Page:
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# 3.1: Symmetry and Functions

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(For best results, view this video in full-screen.)

Now we will work towards a precise definition of a group. In mathematics, we often begin explorations with some general concept (in our case, symmetry) and then work on those concepts until we can arrive at a very precise definition. Having precise definitions allows us better abstractions and generalizations; the more precise our definitions, the better the mathematics we can expect to derive.

Recall our definition of the symmetries of a geometric object: all of the ways of moving that object back onto itself without changing it. Each of these different ways of moving the object back onto itself we can identify as a function. Let's call our object $$X$$. Then every symmetry of $$X$$ we can identify as a certain special function $$f:X\rightarrow X$$.

Earlier we noted that leaving $$X$$ alone should also be a symmetry of $$X$$. This is the identity function! $$id:X\rightarrow X$$, with $$id(x)=x$$ for all points $$x\in X$$.

Next, we notice that composition of functions is a helpful operation: Indeed, if we have two different symmetries $$f$$ and $$g$$ of $$X$$, then their composition $$g\circ f$$ will also be a symmetry. The first function applied to $$X$$ 'moves $$X$$ onto itself without changing it,' and then the second does as well. Thus, the composition is also a symmetry.

Finally, we note in passing that the composition of functions is associative: for three symmetries $$f,g,h$$, we have $$(f\circ g)\circ h = f\circ (g\circ h)$$. Composition of two symmetries of a rectangle.

We really need some examples here! So let's consider the perfectly symmetrical face. There are only two symmetries: the identity and the left-to-right flip (reflection over the vertical axis). Call the identity $$e$$ and the flip $$f$$. Then we see that, considered as functions from the face to itself, $$f\circ f=e$$. The red arrows describe the flip over the vertical axis. Do it twice, and you end up where you started: $$F\circ F=id$$.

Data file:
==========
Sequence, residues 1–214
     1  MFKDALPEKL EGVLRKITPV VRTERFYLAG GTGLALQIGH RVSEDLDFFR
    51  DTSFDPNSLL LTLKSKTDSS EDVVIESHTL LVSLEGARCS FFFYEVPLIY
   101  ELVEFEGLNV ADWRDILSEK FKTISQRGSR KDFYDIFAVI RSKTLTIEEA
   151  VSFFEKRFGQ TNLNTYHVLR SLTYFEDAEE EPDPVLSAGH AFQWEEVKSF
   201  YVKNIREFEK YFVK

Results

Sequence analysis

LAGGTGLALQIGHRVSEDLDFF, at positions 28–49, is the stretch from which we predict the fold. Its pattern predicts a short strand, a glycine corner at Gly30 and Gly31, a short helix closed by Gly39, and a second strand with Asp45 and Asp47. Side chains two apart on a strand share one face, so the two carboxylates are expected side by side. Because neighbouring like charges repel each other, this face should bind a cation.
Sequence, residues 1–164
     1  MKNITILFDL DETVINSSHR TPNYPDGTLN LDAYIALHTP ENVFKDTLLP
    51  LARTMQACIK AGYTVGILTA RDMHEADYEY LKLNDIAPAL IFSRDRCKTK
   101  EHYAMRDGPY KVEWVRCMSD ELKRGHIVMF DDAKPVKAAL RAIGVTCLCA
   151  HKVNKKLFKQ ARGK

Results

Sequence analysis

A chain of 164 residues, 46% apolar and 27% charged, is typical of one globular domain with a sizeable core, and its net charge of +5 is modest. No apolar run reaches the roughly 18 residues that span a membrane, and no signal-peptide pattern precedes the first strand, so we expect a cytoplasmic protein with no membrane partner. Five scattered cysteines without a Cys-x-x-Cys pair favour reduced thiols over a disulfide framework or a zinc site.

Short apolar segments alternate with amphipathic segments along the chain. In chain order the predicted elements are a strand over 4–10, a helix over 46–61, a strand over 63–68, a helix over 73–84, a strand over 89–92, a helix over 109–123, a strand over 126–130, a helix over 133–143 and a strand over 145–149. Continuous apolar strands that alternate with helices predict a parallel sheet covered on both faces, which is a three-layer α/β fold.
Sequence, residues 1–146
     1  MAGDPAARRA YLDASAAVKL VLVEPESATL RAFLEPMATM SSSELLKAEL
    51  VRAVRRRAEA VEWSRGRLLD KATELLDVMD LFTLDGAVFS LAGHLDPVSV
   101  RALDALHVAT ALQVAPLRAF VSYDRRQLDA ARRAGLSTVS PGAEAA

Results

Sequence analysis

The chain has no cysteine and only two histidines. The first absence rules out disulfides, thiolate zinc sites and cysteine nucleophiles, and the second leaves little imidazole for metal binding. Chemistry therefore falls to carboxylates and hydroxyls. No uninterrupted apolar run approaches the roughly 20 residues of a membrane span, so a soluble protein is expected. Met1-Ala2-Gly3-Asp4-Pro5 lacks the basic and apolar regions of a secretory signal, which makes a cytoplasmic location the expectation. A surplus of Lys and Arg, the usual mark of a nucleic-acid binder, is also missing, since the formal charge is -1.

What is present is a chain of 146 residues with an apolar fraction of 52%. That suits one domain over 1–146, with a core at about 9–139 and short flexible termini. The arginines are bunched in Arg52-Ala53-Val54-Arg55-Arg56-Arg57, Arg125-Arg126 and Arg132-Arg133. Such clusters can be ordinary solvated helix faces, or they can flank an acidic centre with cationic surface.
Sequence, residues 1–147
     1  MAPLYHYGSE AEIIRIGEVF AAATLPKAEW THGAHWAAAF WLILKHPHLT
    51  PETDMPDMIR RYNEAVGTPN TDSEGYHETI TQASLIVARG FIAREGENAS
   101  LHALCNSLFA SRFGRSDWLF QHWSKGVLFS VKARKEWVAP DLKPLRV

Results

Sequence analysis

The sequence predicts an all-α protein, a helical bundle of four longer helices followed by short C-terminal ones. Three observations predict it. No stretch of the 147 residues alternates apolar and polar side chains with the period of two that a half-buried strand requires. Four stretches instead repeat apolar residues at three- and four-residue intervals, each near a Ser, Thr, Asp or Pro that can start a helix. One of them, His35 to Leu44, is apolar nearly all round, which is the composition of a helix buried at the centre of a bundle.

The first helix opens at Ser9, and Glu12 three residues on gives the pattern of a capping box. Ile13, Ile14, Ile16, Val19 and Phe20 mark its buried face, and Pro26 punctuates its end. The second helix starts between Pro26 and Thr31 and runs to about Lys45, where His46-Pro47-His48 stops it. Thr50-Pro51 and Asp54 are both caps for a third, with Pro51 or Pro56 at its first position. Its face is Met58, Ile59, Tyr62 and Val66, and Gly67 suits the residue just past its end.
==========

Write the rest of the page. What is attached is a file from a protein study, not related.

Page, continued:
Now remember our 'bumpy' hexagon, which only had rotational symmetries. Call the identity $$e$$ and let $$r$$ be the clockwise rotation by $$60^\circ$$. All of the other rotations we can think of as $$r$$ composed with itself some number of times; we'll just write this as $$r^k$$. So all of the symmetries of the bumpy hexagon are $$\{e, r, r^2, r^3, r^4, r^5\}$$. We notice that $$r^5\circ r=r^6=e$$. This is quite interesting! In fact, we can make a 'composition table' to keep track of what happens when we compose any two of the symmetries. The six rotational symmetries of the bumpy hexagon. The blue arrow represents the rotation $$r$$; $$r^6=id$$.

And now we can make a slightly less obvious observation: For any of these functions, we can find another symmetry taking the object 'back' to its original orientation. Thus, for any symmetry $$f$$, there exists a $$g$$ such that $$f\circ g=e$$. The function $$g$$ is then called the inverse of $$f$$. We've already seen two examples of this.

Exercise 2.0.0:

Write down all of the symmetries of an equilateral triangle. Make a 'composition table' of the symmetries, showing what happens when any two of them are composed. Then make a list of each symmetry and its inverse. What do you observe?

## Contributors

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